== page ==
The UK’s Information Commissioner’s Office has fined Yahoo! £250,000 (US$333,000) as a result of offences relating to the internet giant’s 2014 data breach.
The cyber attack compromised the personal data of approximately 500 million users globally and the ICO’s ruling focused on around 500,000 email accounts operated by Yahoo! UK Services Limited.
The investigation found that Yahoo! had failed to take appropriate technical and organisational measures to protect customer data against unauthorised access or to ensure that its US parent and data processor – Yahoo! Inc – complied with appropriate data protection standards. The case was heard under the pre-GDPR regime where sanctions were much lower than the potential €20million fines under the new regulation. It should also be noted that Yahoo! did not announce the breach until 2016 - two years after the incident. The GDPR now includes breach notification obligations within 72 hours.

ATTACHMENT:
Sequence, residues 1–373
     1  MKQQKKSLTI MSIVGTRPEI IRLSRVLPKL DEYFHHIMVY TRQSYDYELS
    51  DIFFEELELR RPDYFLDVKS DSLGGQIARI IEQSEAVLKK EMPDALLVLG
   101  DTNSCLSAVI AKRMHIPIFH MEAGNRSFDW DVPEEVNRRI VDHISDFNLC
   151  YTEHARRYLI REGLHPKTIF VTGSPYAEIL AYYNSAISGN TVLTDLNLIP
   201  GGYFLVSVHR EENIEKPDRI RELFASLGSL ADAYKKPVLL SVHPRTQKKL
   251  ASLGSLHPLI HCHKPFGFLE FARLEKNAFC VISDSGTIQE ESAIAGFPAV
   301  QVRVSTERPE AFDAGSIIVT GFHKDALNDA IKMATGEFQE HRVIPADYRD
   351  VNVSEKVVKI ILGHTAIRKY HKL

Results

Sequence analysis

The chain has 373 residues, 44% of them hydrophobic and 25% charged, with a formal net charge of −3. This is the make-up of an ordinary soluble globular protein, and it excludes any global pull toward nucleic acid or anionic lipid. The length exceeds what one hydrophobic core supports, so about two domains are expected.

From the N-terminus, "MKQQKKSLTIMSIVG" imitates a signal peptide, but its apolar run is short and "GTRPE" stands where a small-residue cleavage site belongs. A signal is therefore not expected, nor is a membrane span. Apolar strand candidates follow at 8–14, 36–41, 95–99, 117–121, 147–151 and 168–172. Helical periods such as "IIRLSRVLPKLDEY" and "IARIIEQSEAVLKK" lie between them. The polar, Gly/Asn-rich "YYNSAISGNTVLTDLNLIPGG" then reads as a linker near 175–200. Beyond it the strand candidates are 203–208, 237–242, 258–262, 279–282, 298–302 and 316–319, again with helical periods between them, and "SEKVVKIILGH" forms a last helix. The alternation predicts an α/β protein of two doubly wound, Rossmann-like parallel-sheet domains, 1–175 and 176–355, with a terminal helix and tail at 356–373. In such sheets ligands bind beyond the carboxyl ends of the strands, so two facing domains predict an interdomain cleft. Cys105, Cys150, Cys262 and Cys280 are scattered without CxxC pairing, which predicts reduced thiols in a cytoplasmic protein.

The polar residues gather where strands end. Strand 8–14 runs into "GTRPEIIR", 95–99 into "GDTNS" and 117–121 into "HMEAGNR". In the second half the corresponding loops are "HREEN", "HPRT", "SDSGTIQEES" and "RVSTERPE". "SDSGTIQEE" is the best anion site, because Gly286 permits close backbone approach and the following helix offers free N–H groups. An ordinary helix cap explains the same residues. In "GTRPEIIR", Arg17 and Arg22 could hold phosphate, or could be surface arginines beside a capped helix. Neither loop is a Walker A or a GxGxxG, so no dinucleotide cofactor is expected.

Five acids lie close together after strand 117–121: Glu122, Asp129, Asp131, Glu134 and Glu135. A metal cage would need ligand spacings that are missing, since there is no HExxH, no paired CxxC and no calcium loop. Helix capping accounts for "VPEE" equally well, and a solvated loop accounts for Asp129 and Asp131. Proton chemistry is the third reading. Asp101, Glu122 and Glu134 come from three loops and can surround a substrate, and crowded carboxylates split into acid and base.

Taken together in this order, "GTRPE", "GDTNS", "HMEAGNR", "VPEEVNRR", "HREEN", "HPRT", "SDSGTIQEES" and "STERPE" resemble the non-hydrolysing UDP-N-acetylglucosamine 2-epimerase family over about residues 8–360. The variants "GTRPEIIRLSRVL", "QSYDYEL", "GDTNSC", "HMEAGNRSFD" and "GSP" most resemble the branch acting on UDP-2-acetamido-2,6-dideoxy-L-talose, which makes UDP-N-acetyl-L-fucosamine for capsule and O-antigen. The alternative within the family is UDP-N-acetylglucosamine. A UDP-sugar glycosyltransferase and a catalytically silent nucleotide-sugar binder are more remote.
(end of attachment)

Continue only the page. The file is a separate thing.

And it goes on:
The ruling emphasises the need for multinational companies to ensure a joined-up global approach on data protection and demonstrates that European authorities will take enforcement action for international breaches. This is likely to increase with the wider territorial scope of the GDPR - and the increased sanctions that would apply if the incident had occurred today.
Cyber-attacks will happen, that’s just a fact, and we fully accept that they are a criminal act. But as the intruders become more sophisticated and more determined, organisations need to make it as difficult as possible for them to get in. But they must also remember that it’s no good locking the door if you leave the key under the mat.